In this episode, Gordon talks about marketing strategies for your counseling and therapy private practices. Ultimately, marketing is about helping people find you and helping you connect with your ideal client. Marketing can be done in two ways, online and offline. Gordon talks about the strategies of doing both and focusing on the ways that fit you and your personality best.
A few weeks ago, I did a survey of with the Practice of Therapy followers and listeners. The purpose of the survey was to find out what people want the most help with in their practices. The number one response was help with knowing how to market their private practices.
I think the reason for this is that there so many people that go into private practice that feel a sense of anxiety and pressure by not having the volume of clients they had hoped for when first starting out. Then there are also those people who maybe started out in private practice with some established clients that they transferred from another practice they were working in, only to have the “well run dry” after a few months.
Then there are those that hit a “dry spell” in their practice and they are not sure when the phone is going to ring again with their next new client. They know they need to market their practice but they are not sure where to start or the best way to go about it.
Marketing is not selling
“Marketing” is something, for many therapists and counselors, that we tend to get a little bit nervous about. We are naturally very polite people and would never do anything to come across as pushy or underhanded. But there is something about “marketing” that, for many, feels a bit sleazy. The fear is that we think it requires use to “sell something”.
We would much rather have people ask US to come to therapy, than us ask THEM to come to therapy!
But it really does not need to be that way…
There are people out there that truly need and want our services. My friend and fellow private practice consultant Allison Puryear put it this way, “marketing is simply helping your potential clients find you..” I think it is so helpful to think of marketing your practice in that way!
Referrals come in 2 ways
In the counseling and therapy, fields referrals can come from any number of sources. But at a very basic level, people are either referred by someone else or they self-refer. What I have noticed in my own practice is that self-referral is usually the way most people come in the door. They are having some sort of personal or family difficulty and it occurs to them that they might benefit from some counseling.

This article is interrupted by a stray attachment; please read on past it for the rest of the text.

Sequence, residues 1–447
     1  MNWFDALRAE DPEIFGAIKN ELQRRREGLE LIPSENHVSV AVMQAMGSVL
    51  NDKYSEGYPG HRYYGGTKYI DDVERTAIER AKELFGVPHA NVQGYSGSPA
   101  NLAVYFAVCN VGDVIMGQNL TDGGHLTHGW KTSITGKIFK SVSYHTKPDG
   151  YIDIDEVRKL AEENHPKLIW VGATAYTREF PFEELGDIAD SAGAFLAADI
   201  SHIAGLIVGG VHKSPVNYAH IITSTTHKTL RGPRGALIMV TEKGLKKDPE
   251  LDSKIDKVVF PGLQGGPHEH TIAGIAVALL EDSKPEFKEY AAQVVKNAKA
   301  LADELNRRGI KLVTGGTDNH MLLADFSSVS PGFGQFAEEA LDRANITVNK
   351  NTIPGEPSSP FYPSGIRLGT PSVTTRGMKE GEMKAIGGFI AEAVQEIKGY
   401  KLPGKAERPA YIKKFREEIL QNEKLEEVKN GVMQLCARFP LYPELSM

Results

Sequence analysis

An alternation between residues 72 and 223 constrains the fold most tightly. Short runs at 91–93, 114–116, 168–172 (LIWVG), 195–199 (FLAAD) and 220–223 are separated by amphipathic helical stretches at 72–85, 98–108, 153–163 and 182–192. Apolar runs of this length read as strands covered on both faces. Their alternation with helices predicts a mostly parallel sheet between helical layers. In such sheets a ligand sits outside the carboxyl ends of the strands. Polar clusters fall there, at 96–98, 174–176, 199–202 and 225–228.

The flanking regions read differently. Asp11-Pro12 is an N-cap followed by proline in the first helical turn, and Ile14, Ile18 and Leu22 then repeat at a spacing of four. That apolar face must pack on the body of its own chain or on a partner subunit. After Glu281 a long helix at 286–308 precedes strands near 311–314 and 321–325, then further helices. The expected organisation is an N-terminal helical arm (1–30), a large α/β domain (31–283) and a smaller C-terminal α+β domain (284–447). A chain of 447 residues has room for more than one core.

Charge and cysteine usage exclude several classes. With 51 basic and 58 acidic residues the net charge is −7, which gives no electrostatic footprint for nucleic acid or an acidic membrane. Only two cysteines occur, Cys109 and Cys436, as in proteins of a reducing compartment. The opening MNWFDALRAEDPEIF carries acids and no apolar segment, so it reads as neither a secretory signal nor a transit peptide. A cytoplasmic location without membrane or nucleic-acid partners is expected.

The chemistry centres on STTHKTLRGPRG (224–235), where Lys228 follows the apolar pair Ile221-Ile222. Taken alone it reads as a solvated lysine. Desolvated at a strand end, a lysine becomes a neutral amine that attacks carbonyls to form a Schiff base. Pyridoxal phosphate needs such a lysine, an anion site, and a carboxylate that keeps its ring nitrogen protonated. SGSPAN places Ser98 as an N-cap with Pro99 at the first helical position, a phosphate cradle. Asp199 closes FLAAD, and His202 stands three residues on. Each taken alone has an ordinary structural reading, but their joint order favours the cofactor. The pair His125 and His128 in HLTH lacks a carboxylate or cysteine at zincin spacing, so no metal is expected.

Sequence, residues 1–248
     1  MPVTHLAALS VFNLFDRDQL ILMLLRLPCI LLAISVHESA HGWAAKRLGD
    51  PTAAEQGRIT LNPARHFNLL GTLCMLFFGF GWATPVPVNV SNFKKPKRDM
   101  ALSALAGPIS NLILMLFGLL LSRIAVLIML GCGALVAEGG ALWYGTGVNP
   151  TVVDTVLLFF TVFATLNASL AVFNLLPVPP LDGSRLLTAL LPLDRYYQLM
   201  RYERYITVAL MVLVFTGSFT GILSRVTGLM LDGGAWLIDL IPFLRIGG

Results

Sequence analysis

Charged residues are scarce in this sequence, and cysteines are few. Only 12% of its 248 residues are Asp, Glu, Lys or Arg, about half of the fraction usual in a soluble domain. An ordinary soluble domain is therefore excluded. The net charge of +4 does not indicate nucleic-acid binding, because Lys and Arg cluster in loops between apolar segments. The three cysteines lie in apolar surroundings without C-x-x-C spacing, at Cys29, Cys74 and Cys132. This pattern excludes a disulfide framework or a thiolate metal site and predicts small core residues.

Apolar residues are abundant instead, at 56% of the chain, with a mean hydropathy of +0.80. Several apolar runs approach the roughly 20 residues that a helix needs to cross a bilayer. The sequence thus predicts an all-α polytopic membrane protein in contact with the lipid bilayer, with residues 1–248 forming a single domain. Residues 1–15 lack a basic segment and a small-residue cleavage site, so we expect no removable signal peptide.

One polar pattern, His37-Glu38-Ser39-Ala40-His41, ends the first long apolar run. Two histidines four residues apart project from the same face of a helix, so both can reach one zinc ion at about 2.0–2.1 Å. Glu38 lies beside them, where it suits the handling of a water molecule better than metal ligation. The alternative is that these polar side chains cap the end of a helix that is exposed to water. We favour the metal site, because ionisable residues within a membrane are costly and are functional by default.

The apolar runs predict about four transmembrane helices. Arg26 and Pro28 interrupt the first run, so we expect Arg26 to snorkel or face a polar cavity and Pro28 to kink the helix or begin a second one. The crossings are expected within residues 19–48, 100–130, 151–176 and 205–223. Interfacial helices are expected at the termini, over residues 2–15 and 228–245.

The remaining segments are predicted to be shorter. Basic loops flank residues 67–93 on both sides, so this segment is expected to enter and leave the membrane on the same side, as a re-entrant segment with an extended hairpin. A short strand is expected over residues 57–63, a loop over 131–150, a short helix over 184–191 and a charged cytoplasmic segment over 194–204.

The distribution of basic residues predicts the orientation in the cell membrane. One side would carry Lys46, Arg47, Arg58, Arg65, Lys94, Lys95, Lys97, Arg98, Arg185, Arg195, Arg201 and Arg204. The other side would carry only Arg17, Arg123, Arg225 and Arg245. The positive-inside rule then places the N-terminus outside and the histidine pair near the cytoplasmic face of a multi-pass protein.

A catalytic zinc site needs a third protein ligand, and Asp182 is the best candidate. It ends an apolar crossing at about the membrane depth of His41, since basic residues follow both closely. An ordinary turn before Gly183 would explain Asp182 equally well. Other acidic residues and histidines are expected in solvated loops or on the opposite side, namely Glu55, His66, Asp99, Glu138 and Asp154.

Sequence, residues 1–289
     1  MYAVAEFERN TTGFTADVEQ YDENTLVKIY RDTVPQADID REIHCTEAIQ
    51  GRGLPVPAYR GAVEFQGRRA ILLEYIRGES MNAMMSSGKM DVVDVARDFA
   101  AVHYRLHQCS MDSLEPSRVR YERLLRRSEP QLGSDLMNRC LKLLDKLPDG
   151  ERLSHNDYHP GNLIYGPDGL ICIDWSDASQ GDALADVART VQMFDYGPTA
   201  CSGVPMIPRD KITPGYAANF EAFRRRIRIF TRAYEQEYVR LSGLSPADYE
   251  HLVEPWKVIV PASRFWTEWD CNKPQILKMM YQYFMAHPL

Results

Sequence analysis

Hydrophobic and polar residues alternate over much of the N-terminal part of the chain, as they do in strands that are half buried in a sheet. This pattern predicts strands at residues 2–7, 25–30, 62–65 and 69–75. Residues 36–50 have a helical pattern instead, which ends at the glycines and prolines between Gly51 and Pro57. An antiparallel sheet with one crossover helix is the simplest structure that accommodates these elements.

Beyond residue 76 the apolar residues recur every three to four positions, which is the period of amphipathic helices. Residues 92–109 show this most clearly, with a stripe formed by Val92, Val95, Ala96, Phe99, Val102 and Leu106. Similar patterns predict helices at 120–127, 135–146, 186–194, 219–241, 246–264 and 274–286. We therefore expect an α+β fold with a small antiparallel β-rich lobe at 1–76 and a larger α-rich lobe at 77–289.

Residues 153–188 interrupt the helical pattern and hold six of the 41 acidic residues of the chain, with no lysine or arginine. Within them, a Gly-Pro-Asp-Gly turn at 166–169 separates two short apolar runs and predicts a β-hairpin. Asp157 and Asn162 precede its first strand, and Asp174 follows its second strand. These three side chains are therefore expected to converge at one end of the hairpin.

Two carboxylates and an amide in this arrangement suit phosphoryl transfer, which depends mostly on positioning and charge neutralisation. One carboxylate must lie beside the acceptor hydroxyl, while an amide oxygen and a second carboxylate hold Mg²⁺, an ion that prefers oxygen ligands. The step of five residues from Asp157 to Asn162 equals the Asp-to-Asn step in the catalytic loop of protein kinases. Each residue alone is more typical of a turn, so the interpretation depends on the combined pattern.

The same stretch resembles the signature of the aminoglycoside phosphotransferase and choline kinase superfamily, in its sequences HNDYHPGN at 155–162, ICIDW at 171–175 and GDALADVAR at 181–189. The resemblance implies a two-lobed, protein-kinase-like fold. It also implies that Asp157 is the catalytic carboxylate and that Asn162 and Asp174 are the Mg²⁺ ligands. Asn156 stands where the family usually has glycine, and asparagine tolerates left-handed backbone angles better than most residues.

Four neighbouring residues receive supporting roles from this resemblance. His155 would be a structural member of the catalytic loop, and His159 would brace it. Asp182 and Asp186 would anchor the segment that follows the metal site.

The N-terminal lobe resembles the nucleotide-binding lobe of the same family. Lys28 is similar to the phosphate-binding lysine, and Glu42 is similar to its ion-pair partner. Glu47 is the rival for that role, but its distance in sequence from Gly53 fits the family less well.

The other way referrals come is through the recommendation of others. Doctors, clergy, family, and friends might encourage a person to talk with a professional about what is going on for them.
The key is to know where you are most likely to get your ideal client…
Branding and Referrals
Ultimately, marketing is about developing relationships with people on several different levels; relationship with you individually and/or a relationship with your “brand”. The individual relationship is an easy one to understand. Your “brand” though, has the potential to be a little broader and have a farther reach.
When I think about good branding, I think of some of the more popular ones. A good brand is something that we identify with a particular product or service. For example, GEICO. When you see that brand name we think of the funny commercials but we also know what it is and what it does. It’s an insurance company that “saves you money”.
Another brand I think of is Nike. When you see the Nike “swoosh” you know the name of the company and know what it is; sportswear and equipment. That’s good branding.
So if you think about your private practice, do you have a brand? And if someone sees that brand on a website or sees your name, do they know what you do and how you can help them with their problems?
First of all, have a plan. So many times we tend to try a lot of things and “throw random darts at the board” and hope it works. A better strategy is to pick a few marketing activities that you are consistent with over time. The other thing is to pick something that you enjoy of find less intimidating to do.
For example, if you are wired more as an introvert, social media and internet-based marketing will be much more comfortable than making those face to face contacts and “cold calls”. For an extrovert, getting out and doing the face to face networking would probably be more appealing. Do what fits your personality best.
Needless to say, one place to focus is on making sure you can be found online. It is so important to have a good, UP TO DATE, website. It is where people generally go first to find a therapist. And even the people that want to refer someone for counseling will go to the internet first.
We don’t have time to go into the building a website stuff, but I will say that if don’t have a website yet, it should be one of the first things you do when going into private practice. A good choice for doing private practice websites, unless you want to build it yourself, is *Brightervision. They specialize in therapist and counselor websites and do a great job at getting you a great looking site that will rank well in Google (SEO- again a whole other topic)